We’ve studied how current tax is the amount of tax payable to the taxation authorities in the current financial period.
Now we’ll be looking at deferred tax assets and deferred tax liabilities, which are an entity’s way of noting the expected future tax consequences of transactions yet to take place.
The purpose of deferred tax is to apply the accruals basis of accounting for taxes, noting them in the financial statements even though they may not be payable in this reporting period.
Companies pay corporation tax based on their taxable profits.
The taxable profits are multiplied by the tax rate and this calculates the amount payable.
But often the taxable profits are different to the profit before tax figure contained in the financial statements.
Why is this?
Well, it’s down to the fact that the tax authorities use different rules for measuring taxable profits than those used by the company.
For instance, the tax authorities may allow certain capital allowances which reduce the tax payable for purchases of non-current assets.
As a result, the taxation authorities won’t allow depreciation to reduce taxable profits, so depreciation is added back when calculating the taxable profit for the period.
The differences between the taxation authority’s method of accounting and the company’s method of accounting are classified as:
- temporary differences; and
- permanent differences
Before we take a look at temporary and permanent differences, you should first get an understanding of what the tax base of an asset or liability will be.
IAS 12 refers to the tax base when calculating deferred tax assets or deferred tax liabilities.
The tax base is the amount attributed to an asset or liability for the purpose of calculating tax.
Another way of thinking about the tax base of an asset or liability is the amount that the item would be shown as an asset or liability in a statement of financial position drafted purely for tax purposes.
It’s the amount that will be deductible for tax purposes against any selling price for an asset.
So it’s the amount that you tell the tax authorities how much an asset cost, or a liability is worth.
For assets, this will usually be the original cost of the asset, which may be indexed linked for the passage of time.
NB: Remember the tax base might be different from the amount shown for the asset or liability in the statement of financial position.
So if we take the amount the asset or liability is contained in the actual SOFP, and deduct the tax base of the asset or liability, we may get a difference.
This is what we call a taxable or deductible temporary difference.
NB: Carrying amount / carrying value is also known as book value
If we multiply this difference by the relevant tax rate, we’ll calculate the deferred tax liability or asset.
So if there’s a taxable temporary difference, there’s a deferred tax liability, and if there’s a deductible temporary difference, there’s a deferred tax asset.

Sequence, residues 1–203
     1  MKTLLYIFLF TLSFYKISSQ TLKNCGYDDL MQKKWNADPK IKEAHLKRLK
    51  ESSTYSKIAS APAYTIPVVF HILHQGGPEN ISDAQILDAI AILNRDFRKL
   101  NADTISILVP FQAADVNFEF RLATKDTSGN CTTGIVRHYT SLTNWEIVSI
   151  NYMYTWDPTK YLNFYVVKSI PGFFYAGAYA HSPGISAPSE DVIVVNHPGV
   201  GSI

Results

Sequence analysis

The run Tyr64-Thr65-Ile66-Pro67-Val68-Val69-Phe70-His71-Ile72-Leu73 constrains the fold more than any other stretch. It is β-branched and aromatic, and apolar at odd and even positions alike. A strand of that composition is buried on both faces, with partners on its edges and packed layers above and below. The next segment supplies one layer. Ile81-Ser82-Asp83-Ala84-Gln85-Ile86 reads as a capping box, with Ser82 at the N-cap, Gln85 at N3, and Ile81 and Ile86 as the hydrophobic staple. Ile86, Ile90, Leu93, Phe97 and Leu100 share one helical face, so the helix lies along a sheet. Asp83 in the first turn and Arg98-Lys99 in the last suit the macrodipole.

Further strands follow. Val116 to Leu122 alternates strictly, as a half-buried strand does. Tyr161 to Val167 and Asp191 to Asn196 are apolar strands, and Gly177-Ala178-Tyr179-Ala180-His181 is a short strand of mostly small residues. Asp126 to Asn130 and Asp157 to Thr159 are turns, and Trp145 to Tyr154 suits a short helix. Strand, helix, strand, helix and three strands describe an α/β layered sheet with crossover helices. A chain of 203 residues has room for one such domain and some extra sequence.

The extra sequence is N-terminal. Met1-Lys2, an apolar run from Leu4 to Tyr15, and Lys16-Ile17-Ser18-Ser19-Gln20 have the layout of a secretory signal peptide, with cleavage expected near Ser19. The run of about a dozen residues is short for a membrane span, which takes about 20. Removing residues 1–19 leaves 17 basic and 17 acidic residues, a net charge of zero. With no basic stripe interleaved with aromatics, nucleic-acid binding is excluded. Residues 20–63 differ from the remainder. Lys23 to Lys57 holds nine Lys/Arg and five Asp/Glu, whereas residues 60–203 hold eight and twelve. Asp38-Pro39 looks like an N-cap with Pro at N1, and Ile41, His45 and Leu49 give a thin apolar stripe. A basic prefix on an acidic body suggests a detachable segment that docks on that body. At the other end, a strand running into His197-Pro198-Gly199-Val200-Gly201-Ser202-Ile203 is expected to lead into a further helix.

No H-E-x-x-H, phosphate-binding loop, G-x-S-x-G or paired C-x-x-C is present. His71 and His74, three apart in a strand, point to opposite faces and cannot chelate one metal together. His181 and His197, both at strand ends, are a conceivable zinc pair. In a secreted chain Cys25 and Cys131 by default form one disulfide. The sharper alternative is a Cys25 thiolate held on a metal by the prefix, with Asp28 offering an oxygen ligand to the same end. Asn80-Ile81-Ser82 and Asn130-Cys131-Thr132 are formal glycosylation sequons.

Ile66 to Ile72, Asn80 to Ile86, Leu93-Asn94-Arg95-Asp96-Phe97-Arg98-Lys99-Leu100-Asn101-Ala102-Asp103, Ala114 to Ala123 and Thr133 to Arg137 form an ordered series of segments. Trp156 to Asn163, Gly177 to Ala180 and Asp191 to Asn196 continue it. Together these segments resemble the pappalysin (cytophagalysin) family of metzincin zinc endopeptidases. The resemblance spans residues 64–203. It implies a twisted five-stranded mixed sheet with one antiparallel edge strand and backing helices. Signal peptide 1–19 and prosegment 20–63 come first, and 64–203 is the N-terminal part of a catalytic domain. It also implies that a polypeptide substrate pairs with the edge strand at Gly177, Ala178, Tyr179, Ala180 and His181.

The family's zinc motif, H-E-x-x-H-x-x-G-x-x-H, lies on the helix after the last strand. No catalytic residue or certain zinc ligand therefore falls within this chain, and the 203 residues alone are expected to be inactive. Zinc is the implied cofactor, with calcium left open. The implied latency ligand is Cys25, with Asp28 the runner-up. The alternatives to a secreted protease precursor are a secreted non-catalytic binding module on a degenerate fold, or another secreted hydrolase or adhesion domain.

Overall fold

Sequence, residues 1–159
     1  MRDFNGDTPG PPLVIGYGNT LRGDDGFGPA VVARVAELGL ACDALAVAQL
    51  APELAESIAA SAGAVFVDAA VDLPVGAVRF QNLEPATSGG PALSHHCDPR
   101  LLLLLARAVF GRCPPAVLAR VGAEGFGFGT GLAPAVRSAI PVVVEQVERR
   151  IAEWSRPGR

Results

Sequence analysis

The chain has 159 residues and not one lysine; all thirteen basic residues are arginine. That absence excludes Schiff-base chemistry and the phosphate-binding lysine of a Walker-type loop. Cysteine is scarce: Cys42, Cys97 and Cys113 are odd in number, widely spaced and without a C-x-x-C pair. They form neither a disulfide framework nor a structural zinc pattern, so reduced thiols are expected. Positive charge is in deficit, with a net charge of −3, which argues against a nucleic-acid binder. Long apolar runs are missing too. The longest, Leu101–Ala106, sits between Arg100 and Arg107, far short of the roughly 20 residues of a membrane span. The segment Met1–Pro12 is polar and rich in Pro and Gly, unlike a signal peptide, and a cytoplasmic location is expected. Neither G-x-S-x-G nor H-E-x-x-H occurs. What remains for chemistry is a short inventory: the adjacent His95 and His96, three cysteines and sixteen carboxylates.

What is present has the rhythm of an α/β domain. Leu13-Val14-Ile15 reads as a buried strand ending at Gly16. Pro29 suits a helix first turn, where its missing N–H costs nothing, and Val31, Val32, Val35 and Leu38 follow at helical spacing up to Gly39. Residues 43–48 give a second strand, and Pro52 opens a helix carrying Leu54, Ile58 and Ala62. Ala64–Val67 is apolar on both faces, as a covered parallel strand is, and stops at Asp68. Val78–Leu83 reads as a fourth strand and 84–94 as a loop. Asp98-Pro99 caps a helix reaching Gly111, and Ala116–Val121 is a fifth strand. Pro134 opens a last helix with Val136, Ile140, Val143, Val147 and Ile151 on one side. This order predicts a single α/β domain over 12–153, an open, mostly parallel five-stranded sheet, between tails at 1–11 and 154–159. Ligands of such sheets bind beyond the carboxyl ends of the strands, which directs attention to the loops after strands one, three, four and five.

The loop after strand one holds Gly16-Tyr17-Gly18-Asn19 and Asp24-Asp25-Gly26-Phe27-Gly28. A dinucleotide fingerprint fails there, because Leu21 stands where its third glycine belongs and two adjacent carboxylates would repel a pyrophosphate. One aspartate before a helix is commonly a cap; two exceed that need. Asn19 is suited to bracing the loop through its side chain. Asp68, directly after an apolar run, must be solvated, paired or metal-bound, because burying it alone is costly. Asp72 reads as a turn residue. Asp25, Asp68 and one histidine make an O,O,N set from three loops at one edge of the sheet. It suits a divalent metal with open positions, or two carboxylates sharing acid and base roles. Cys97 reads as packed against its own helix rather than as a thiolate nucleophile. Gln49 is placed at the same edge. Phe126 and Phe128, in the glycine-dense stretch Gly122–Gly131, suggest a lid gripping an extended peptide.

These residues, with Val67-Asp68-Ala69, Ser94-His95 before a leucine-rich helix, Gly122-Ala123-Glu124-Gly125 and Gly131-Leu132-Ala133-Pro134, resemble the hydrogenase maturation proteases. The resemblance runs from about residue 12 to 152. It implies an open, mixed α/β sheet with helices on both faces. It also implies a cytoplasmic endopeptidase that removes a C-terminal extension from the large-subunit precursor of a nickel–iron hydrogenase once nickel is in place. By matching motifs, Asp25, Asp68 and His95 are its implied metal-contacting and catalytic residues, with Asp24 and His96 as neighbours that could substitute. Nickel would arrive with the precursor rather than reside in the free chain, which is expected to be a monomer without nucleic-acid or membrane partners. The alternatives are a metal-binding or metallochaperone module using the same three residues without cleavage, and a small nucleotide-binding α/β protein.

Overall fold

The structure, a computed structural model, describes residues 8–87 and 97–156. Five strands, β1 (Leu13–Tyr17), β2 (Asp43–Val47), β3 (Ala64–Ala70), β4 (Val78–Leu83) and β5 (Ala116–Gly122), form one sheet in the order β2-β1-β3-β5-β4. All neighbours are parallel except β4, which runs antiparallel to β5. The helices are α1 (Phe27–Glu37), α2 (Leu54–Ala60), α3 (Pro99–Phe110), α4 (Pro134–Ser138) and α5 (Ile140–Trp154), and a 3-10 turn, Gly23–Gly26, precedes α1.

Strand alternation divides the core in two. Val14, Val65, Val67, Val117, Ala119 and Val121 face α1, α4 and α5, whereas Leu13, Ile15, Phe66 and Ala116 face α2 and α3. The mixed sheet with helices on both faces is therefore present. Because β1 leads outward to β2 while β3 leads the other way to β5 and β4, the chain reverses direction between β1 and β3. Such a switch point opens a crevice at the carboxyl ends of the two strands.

So just a reminder, the provision for deferred tax is based on differences between:
- carrying values/book values in the statement of financial position, and
- the tax base values (aka tax values or tax written-down values).
Temporary differences are the differences between the carrying amount of an asset or liability in the financial statements, compared to the tax base of the asset or liability.
Taxable profits are usually different from profits in the financial statements because the Revenue Commissioners and HMRC make their calculations using different rules from the international accountants standards.
For example, most tax authorities do not accept depreciation as an allowable deduction and instead use their own rules or capital allowances to account for the expense.
Tax relief for purchasing assets, in the form of capital allowances, may be given at a different rate to the depreciation charge in the financial statements.
Although the two may be the same over the life of the asset, they will be different in each individual financial year.
So the ‘depreciation’ allowed for tax purposes will be different to the depreciation contained in the financial statements.
This difference is a temporary difference because, over the life of the asset, the total depreciation expenses for the asset in the financial statements and the total tax relief given by the tax authorities will even out.
What happens if an asset is revalued under IAS 16 Property Plant and Equipment?
Well, a revaluation of assets may not affect the tax base of the asset, but it may have deferred tax implications if the fair value of the asset changes because a revaluation may change the temporary difference.
Deferred tax should be recognised on the adjustment and should be recognised in other comprehensive income.
The journal entry to do this is:
So if temporary differences are those that could give rise to a potential tax charge or refund, if the asset is sold.
Permanent differences are those that are done and dusted, nothing in the future will change them.
They relate to income and expenditure that has been included in the financial statements profit before tax figure, but will never be included in the calculation of taxable profits.
Why not, you may ask?
Well, the item of income or expenditure may relate to something that’s not allowable, or ignored for tax purposes.
Say if you spend money on hosting a big party for your clients, and everyone has a great time. This will be recorded in your financial statements as an expense and reduce your profits.
But when the taxation authorities hear about it, they’ll say no, this isn’t an allowable deduction and you have to add that money back to your taxable profits.
As a result, the company will now pay more tax.
IAS 12 does not define permanent differences, but they do exist, and don’t cause any deferred tax liability or asset.